Given the observed increases in the external joint moments acting across the ankle joint during load carriage, it would seem reasonable to suspect an alteration in observed ankle kinematics. Specifically, increased or excessive dorsiflexion during terminal stance would seem likely in the presence of augmented vertical ground reaction forces associated with load carriage conditions. The external joint moments at the ankle are what initiate joint motion and necessitate resistive forces at the ankle joint. Any increase in these moments must result in either augmented ankle motion or augmented resistance at the ankle. However, numerous investigations in both military and civilian settings have consistently reaffirmed that sagittal ankle kinematics throughout the gait cycle are essentially unchanged across a broad range of load carriage conditions.2,3,6-9
The ability of the lower extremities to preserve similar joint kinematics at the ankle under variable load carriage conditions suggests the ability to generate a range of internal joint moments to counter the elevated external moments that result from the larger ground reaction forces. The gastrocnemius, soleus, and, to a much lesser extent, the tibialis anterior muscles have all been seen to generate increased activity during load carriage.
For example, the activity of the gastrocnemius reportedly increases by 11% and 34%, respectively, with load carriage rates of +26% and +43% of bodyweight.2 Increases in soleus activity are even more striking, reaching roughly 50% under load carriage conditions of +50% of body weight.5 In contrast, the need for augmented internal resistance during the loading response phase of gait appears minimal. Tibialis anterior activity during the same load carriage conditions of +26% and +43% of body weight increased by only 4% and 6%, respectively.2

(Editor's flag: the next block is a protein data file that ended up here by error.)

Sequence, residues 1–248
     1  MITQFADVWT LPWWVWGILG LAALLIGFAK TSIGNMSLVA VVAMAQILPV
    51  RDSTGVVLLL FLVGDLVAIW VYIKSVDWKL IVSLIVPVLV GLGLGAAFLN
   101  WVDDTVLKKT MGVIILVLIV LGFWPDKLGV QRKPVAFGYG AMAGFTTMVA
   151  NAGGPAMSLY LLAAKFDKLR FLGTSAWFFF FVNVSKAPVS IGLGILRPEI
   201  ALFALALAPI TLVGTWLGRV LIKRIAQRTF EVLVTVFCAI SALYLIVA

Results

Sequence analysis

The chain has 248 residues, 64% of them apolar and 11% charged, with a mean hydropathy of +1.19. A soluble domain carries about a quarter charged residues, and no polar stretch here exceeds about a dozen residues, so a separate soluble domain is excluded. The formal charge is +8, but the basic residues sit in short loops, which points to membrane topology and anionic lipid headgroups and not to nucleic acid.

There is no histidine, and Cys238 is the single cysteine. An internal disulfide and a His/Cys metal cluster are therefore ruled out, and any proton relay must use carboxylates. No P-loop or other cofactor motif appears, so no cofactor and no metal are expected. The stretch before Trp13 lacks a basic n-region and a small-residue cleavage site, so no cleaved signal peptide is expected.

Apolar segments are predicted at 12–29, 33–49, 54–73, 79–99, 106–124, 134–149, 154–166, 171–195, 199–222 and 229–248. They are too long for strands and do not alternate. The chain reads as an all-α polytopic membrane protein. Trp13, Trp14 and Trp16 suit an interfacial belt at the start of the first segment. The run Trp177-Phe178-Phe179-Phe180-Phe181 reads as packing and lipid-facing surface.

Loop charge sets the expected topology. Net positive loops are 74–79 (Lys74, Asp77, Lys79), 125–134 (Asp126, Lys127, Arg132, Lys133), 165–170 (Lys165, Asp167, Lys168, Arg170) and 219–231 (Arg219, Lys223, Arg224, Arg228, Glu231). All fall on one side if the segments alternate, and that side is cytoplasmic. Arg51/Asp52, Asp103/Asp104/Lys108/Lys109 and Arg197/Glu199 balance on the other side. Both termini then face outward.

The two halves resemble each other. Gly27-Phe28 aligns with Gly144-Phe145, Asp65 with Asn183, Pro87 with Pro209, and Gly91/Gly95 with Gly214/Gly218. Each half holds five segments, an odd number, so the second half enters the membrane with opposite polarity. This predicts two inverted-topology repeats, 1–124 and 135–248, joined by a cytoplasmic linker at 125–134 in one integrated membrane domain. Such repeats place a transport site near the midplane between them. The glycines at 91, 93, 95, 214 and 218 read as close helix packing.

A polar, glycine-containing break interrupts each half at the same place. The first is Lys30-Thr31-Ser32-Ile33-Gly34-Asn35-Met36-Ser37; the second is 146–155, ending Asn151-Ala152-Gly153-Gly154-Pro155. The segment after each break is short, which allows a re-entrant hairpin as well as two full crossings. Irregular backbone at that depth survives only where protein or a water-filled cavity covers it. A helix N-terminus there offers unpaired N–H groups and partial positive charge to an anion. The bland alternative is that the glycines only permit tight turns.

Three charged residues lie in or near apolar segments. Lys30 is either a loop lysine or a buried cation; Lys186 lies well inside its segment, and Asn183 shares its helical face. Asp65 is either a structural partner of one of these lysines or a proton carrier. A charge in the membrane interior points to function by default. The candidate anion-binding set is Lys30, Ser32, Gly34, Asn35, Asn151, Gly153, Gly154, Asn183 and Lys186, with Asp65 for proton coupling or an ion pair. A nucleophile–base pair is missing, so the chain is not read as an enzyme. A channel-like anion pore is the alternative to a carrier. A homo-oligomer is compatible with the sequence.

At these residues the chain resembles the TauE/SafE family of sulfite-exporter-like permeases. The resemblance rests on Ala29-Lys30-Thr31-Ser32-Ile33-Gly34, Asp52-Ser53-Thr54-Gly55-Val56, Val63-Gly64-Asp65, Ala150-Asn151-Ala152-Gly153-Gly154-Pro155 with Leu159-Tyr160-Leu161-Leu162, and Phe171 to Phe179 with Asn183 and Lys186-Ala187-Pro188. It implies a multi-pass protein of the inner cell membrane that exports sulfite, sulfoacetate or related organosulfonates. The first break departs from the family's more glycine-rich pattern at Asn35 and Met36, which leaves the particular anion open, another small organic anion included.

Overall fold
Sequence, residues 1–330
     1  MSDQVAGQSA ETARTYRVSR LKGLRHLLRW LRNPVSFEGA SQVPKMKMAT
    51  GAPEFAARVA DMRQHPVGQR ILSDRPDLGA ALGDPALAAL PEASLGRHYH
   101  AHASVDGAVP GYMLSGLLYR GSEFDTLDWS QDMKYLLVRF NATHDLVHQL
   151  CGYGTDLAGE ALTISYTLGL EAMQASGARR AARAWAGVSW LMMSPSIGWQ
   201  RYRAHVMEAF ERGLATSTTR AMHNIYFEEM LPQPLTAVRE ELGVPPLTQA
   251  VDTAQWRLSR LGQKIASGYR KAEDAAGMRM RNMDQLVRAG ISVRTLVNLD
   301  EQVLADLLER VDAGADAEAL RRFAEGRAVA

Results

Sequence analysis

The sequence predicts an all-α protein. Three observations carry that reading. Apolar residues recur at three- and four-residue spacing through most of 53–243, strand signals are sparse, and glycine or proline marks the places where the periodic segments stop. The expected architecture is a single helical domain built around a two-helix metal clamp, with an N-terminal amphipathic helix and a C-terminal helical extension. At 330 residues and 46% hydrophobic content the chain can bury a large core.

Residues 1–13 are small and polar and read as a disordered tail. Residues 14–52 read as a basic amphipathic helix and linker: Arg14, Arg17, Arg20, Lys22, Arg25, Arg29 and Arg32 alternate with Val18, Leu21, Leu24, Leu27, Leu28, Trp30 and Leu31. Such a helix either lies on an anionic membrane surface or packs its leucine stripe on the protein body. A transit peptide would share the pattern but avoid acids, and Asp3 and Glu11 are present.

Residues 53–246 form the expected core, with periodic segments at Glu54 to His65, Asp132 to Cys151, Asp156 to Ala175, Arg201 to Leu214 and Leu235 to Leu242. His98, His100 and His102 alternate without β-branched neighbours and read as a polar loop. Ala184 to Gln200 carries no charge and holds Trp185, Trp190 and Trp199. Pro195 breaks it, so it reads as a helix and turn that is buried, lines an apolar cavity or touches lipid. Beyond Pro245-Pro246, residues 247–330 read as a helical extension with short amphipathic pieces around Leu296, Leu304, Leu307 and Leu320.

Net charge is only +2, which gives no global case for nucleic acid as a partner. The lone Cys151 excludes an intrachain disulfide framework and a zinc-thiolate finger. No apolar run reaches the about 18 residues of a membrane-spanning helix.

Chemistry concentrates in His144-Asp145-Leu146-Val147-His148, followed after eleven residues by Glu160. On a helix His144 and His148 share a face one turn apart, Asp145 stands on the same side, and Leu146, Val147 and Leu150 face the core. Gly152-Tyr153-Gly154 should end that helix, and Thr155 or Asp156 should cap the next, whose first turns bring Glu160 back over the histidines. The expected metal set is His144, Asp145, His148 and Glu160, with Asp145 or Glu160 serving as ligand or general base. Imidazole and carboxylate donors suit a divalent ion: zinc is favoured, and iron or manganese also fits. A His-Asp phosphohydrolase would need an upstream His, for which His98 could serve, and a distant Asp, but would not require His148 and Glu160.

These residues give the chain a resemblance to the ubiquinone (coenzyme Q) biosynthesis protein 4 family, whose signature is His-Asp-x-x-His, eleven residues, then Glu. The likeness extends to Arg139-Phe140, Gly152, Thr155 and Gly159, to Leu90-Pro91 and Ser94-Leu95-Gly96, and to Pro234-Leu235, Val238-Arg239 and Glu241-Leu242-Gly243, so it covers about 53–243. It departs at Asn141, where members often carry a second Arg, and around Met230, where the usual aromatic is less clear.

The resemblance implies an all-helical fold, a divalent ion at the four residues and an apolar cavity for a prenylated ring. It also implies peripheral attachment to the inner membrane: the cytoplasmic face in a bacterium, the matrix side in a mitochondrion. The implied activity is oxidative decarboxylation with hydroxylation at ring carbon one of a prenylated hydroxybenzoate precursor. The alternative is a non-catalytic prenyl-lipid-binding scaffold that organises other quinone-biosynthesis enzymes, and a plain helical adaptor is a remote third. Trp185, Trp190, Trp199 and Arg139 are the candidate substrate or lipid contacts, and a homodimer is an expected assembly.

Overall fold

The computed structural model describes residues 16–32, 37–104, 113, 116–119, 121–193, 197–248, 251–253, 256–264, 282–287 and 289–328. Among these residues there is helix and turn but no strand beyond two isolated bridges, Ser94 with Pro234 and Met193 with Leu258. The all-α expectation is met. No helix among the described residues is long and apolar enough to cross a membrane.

Increases in load carriage create augmented vertical and horizontal ground reaction forces. These forces increase the external moments acting across the joints of the lower extremity, including the ankle. However, even in cases in which augmented load carriage conditions exceed 50% of body weight, observed ankle kinematics remain largely unchanged. This is accomplished through increased activity of the muscles of the lower extremity that generates sufficient internal joint moments to counter the effects of the augmented ground reaction forces. In the case of the plantar flexors during late stance, this augmented muscle activity appears to be quite substantial.
Prosthetic findings and implications
The exact burden of load carriage within the amputee population is only minimally understood. Roy et al reported on a small sample of six individuals with transtibial amputations who were asked to ambulate under load carriage conditions of +11%, +22%, +33%, and +44% of the group’s mean body weight.10 Investigators collected energy expenditure data using analyses of expired air and compared the information against data gathered from matched controls.
Amputees experienced elevated energy expenditure, oxygen consumption, and heart rate for the no-load condition compared to controls—differences that were exacerbated by load carriage. The authors reported 70% greater increases in energy expenditure in the amputees compared with controls for the first three load carriage conditions. For the most aggressive load carriage condition of +44% of body weight, this relative increase in energy expenditure reached 82%.10 Increases in oxygen consumption values were also, on average, 50% to 65% greater than those observed in controls, with more pronounced increases observed under higher load carriage conditions. Finally, increases in peak heart rates were between 16% and 22% greater for the amputee group, with the differences becoming more striking as load carriage increased.10 However, the mechanisms behind these increases in energy expenditure, oxygen consumption, and heart rate within the amputee group were not explored at any depth in this early publication.